The evolution of section 27.010 provides a context for our analysis. As enacted in 2011, the statute exempted only (a) enforcement actions brought in the name of Texas or a political subdivision of the State by state and county attorneys; (b) “legal action[s] brought against a person primarily engaged in the business of selling or leasing goods or services, if the statement or conduct arises out of the sale or lease of goods, services, or an insurance product or a commercial transaction in which the intended audience is a buyer or customer”; and (c) personal injury legal actions. Act of May 21, 2011, 82d Leg., R.S., ch. 341, § 2, sec. 27.010 (amended 2019) (current version at Tex. Civ. Prac. & Rem. Code Ann. § 27.010). In 2019, the Texas Legislature amended the TCPA to exempt from its application various legal actions, including a legal action for common law fraud. See Act of May 17, 2019, 86th Leg., R.S., ch. 378, § 9, sec. 27.010, 2019 Tex. Gen. Laws 684 (current version at Tex. Civ. Prac. & Rem. Code Ann. § 27.010(a)(12)). The amendments to the Act, which took effect on September 1, 2019, applied “only to an action filed on or after the effective date of the Act.” Id. §§ 11–12. “An action filed before the effective date of this Act is governed by the law in effect immediately before that date, and that law is continued in effect for that purpose.” Id. § 11.
The issue before us is whether the “common law fraud” exception, which became effective on September 1, 2019, applies to Pesca's fraud claims against Straub, which were asserted when she was added as a party to the lawsuit after the effective date of the Act. See id. §§ 9, 11.
A. Parties' Arguments
Straub argues that the September 1, 2019 amendments to the TCPA do not apply to Pesca's cause of action for fraud because the legislature mandated that the amendments to the statute apply only to an “action filed before the [September 1, 2019,] effective date of [the] Act.” Straub contends the legislature's clear instruction was that the amendments should apply only to new actions filed after the effective date of September 1, 2019. In Straub's view, because Pesca filed its original petition before September 1, 2019, the amendments do not apply to her even though she was added to the lawsuit after the effective date of the statute.
Pesca argues that because Straub was added as a party after the 2019 amendment exempting a legal action for common law fraud from the TCPA, the new TCPA applies, and Straub cannot move to dismiss under the TCPA.
B. Which Version of the Statute Applies?
To support her argument, Straub directs us to S&P Consulting Engineers PLLC v. Baker, 334 S.W.3d 390, 395–98 (Tex. App.—Austin 2011, no pet.) (en banc). In S&P Consulting Engineers, the Third Court of Appeals considered which version of section 150.002 of the Texas Civil Practice & Remedies Code applied when, after the suit was filed and after the amendments to the statute became applicable, another party was added to the lawsuit. Id. at 395. The Third Court concluded that the prior version of the statute applied because the suit was filed prior to the statutory amendments becoming effective. Id. at 397–98; see Jay Miller & Sundown, Inc. v. Camp Dresser & McKee Inc., 381 S.W.3d 635, 644 (Tex. App.—San Antonio 2012, no pet.).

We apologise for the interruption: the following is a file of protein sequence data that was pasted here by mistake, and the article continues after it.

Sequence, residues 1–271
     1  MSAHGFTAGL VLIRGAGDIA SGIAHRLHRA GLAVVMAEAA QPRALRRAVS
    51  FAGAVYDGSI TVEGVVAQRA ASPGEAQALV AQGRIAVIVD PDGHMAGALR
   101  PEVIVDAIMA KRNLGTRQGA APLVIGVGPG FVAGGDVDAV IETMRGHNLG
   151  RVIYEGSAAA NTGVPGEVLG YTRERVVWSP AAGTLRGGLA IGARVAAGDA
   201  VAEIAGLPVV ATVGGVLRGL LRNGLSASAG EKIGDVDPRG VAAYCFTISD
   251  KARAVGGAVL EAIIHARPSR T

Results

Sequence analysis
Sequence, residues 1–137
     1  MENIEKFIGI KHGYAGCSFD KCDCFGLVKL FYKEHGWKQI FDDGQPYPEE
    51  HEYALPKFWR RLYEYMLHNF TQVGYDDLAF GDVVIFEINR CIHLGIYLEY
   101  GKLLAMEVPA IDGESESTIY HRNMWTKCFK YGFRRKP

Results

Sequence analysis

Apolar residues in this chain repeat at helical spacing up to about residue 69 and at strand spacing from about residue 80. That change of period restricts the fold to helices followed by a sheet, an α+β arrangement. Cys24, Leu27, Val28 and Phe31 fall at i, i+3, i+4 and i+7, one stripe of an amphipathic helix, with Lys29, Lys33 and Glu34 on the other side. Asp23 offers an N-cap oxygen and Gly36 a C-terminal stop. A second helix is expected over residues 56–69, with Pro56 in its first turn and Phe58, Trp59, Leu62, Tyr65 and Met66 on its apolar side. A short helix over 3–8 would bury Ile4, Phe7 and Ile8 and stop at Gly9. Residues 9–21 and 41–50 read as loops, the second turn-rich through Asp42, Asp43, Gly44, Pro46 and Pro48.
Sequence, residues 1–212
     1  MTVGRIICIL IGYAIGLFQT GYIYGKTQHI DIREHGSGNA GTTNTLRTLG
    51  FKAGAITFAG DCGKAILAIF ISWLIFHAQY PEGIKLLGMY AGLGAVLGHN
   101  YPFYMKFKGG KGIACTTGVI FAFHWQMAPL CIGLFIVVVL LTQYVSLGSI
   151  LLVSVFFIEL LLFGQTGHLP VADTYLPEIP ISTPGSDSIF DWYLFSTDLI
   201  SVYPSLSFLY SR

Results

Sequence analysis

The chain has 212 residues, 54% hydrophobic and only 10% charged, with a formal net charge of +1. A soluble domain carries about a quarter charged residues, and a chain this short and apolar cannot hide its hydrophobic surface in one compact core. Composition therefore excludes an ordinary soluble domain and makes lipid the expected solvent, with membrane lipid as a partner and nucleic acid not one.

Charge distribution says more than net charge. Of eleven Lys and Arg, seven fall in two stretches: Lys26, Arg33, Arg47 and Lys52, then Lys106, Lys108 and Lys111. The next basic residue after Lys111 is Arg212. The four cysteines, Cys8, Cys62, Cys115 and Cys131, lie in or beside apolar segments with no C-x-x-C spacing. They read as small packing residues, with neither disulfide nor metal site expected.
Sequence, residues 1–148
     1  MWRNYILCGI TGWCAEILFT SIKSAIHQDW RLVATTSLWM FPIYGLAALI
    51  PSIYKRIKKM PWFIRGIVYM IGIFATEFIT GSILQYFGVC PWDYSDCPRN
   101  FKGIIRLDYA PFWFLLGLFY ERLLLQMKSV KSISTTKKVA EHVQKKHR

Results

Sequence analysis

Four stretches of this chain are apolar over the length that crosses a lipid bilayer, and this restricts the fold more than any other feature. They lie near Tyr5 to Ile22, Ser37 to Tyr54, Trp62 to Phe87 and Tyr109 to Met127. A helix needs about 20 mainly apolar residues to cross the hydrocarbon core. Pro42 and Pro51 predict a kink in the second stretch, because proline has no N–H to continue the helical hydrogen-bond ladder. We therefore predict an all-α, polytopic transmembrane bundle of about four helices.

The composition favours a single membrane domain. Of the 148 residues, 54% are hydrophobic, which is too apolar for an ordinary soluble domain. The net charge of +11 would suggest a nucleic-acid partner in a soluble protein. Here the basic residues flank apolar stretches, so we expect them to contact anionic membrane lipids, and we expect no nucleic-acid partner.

This case differs from S&P Consulting Engineers. There, the amendments applied
only to an action or arbitration filed or commenced on or after the effective date [Sept. 1, 2009] of this Act. An action or arbitration filed or commenced before the effective date of this Act is governed by the law in effect immediately before the effective date of this Act, and the law is continued in effect for that purpose.
S&P Consulting Eng'rs, 334 S.W.3d at 395 (alteration in original) (emphasis added) (quoting Act of May 29, 2009, 81st Leg., R.S., ch. 789, § 3, 2009 Tex. Gen. Laws 1991, 1992) (SB 1201). The issue in S&P was whether the action was “commenced” before SB 1201 took effect. Because SB 1201 did not specify whether “an action commences for all persons with the filing of the original petition or whether an action commences for each defendant the first time it is named as a defendant,” S&P turned to “the rules of civil procedure for some guidance and context for interpreting the words ‘action’ and ‘commence.’ ” Id. at 396. Relying on the language of Rule 38(a),1 S&P determined that “[t]his rule does not state or indicate that these new [amended] petitions commence new actions or suits against the new parties; rather, the subsequent [amended] petitions by defendants against new parties become part of an action that has already commenced.” Id.
Unlike S&P, here, the legislature omitted the word “commence” in stating when the TCPA amendments would take effect. Instead, the legislature mandated that the amendments would apply “only to an action filed on or after the effective date of the Act.” See Act of May 17, 2019, 86th Leg., R.S., ch. 378, § 11–12.
The word “action” is not defined in the Act. However, “legal action” is defined as a “lawsuit, cause of action, petition, complaint, cross-claim, or counterclaim or any other judicial pleading or filing that requests legal, declaratory, or equitable relief.” Tex. Civ. Prac. & Rem. Code Ann. § 27.001(6). The issue then is whether the 2019 TCPA amendment applies to a party added to a pending action by way of an amended petition after the effective date of the amendment.